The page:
When the embattled Ukrainian President Volodymyr Zelenskyy speaks to Congress by video Wednesday morning, the inevitable comparisons will be to Winston Churchill’s in-person address to a joint session just a few weeks after Pearl Harbor.
The British prime minister’s words, delivered in the Senate chamber on Dec. 26, 1941, were blunt: “We have therefore without doubt a time of tribulation before us … Some ground will be lost which it will be hard and costly to regain. Many disappointments and unpleasant surprises await us.”
Another speech by a foreign leader to America during the darkest days of World War II also seems apt. As the Nazis entered the outskirts of Paris in June 1940, French Premier Paul Reynaud begged Franklin Roosevelt in a radio speech “for clouds of warplanes from across the Atlantic … to crush the evil force that dominates Europe.”
Even if the clouds of warplanes had somehow been dispatched from neutral America, it would have already been too late. Just nine days after Reynaud’s desperate address, the French government surrendered to the evil force of the Nazi invaders.
As Zelenskyy speaks to Congress on Wednesday, it is likely that there will not be a dry eye in the House … or the Senate. Zelenskyy’s personal heroism, his unlikely path from TV actor to modern-day Churchill and the stunning resistance of the Ukrainian army all add to the emotion of the moment.
But Zelenskyy is not a formal ally in a world war, as Churchill was in late 1941. In a sense, the closer analogy is France in 1940, as Americans watched with tear-streaked horror as a revenge-mad dictator decimated a democratic nation.
In mid-June 1940, as Paris was falling, the Gallup Poll offered Americans four options about how much aid should be provided to England and France. Despite a loud isolationist bloc, an overwhelming 73 percent of those polled supported doing “everything possible to help England and France except go to war.”
Except go to war.
That is the limitation that America again faces in Ukraine. As Zelenskyy speaks and presumably again pleads for a no-fly zone and MiG fighters, he will reinvigorate the passion to do something — to do anything — to help Ukraine.
Already, there is an ongoing risk of a far wider war with Russia. Sunday’s deadly Russian cruise missile strike on a Ukrainian airbase close to the border with Poland — and the border with NATO — underscored the dangers.
While I make no claims to military expertise, I find the arguments persuasive that it would be impossible to enforce a no-fly zone without prompting aerial combat between NATO and Russian planes.
Maybe the proposed transfer of Poland’s 28 Soviet-era MiGs to Ukraine would make a battlefield difference. Maybe the fighter jets could be flown into Ukraine without triggering brutal Russian retaliation.
Or maybe not, as President Joe Biden and his administration appear to believe.
Seized by the understandable do-something ethos, it is very hard to rationally assess risk-reward ratios.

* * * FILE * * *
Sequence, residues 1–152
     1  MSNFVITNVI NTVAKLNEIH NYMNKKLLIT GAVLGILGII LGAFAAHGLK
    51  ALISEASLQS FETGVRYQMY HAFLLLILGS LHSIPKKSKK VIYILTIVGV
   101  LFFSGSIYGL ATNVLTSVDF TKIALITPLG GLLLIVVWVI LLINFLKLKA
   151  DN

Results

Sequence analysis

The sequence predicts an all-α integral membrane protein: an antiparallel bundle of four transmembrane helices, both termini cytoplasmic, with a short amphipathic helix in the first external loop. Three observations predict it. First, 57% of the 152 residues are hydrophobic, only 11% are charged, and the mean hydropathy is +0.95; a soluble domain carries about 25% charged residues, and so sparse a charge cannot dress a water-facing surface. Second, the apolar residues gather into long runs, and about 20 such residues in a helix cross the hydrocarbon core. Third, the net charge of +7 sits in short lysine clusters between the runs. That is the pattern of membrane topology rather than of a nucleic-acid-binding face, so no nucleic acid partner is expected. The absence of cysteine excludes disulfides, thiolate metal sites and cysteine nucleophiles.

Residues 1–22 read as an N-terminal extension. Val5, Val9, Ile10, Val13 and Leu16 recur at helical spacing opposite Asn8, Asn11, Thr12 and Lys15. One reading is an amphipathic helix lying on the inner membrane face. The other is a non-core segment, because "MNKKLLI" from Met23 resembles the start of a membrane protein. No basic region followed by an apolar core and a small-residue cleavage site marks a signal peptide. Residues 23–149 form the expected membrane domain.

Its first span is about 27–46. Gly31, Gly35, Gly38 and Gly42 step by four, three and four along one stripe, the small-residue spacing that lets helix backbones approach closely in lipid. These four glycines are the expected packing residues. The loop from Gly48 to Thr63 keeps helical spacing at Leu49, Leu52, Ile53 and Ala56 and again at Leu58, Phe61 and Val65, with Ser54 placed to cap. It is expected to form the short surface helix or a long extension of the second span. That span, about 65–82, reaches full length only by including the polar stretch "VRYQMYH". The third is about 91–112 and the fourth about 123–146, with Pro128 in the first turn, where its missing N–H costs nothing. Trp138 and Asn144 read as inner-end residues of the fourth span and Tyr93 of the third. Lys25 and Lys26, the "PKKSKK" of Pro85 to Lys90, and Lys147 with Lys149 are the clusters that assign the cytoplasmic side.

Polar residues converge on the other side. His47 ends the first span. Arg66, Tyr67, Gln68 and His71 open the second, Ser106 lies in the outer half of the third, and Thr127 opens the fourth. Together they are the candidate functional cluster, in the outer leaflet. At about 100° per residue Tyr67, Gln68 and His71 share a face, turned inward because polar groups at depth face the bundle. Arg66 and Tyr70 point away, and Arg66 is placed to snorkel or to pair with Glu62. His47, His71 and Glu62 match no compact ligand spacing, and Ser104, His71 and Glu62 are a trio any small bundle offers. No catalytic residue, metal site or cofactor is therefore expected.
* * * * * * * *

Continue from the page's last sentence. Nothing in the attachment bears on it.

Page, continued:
When you see an expectant mother dying after a maternity hospital in Mariupol was shelled by the Russians, it is impossible to keep emotions in check.
After a lifetime of seeing America as the world’s reigning superpower, it is frustrating for lawmakers and voters to confront the limits of our national response to the daily tragedies in Ukraine.
We crave the clarity of action, but Russian President Vladimir Putin’s nuclear arsenal and the battlefield realities in Ukraine offer only flawed choices.
After Zelenskyy finishes speaking Wednesday, many members of Congress will flock to the nearest TV cameras to offer their reactions and their strategic advice. While some lawmakers boast relevant military or strategic experience, many congressional comments on Wednesday will be shaped by gut reactions rather than considered geopolitical judgments.
Standing on the sidelines, all I ask in advance is a bit of humility.
This is not a time for partisanship. Putin’s merciless behavior is governed by Putin alone — and is not a reaction to the withdrawal from Afghanistan, Donald Trump or anything else.
Short of committing U.S. forces to the fight, it is hard to see how another president could have acted more successfully than Biden.
Every military gambit comes with a downside.
In an ideal world, lawmakers and pundits offering strategic advice to Biden would also explain the risks of their preferred courses of action. The problem is that such yes-but-on-the-other-hand agonizing creates boring television interviews. Too often, people facing the cameras opt for shoot-from-the-hip certainty over anything resembling wisdom.
Staying the course and limiting NATO aid to Ukraine is also fraught with possible dangers. What if an errant Russian cruise missile lands in Poland? What if Putin comes close to utilizing battlefield nuclear weapons? What if the three Baltic states — all NATO members — are next?
It is uplifting how much emotional support Americans are offering to Ukraine. This reaction, of course, is a tribute to our better angels. And it strongly suggests that the era of Putin apologists and NATO skeptics is over.
As Zelenskyy addresses Congress, it is hard to avoid the sense that once again we are replaying the most tragic moments of the 20th century.
First, the worst pandemic in a century. And now Russia is replicating the joint 1939 Nazi and Soviet dismemberment of Poland that launched World War II.
But Zelenskyy and the Ukrainian people are proving that 2022 is not really 1939 or 1940. The longer Ukraine can bravely hold on, the greater the hope that something good can emerge from the horrors of wartime.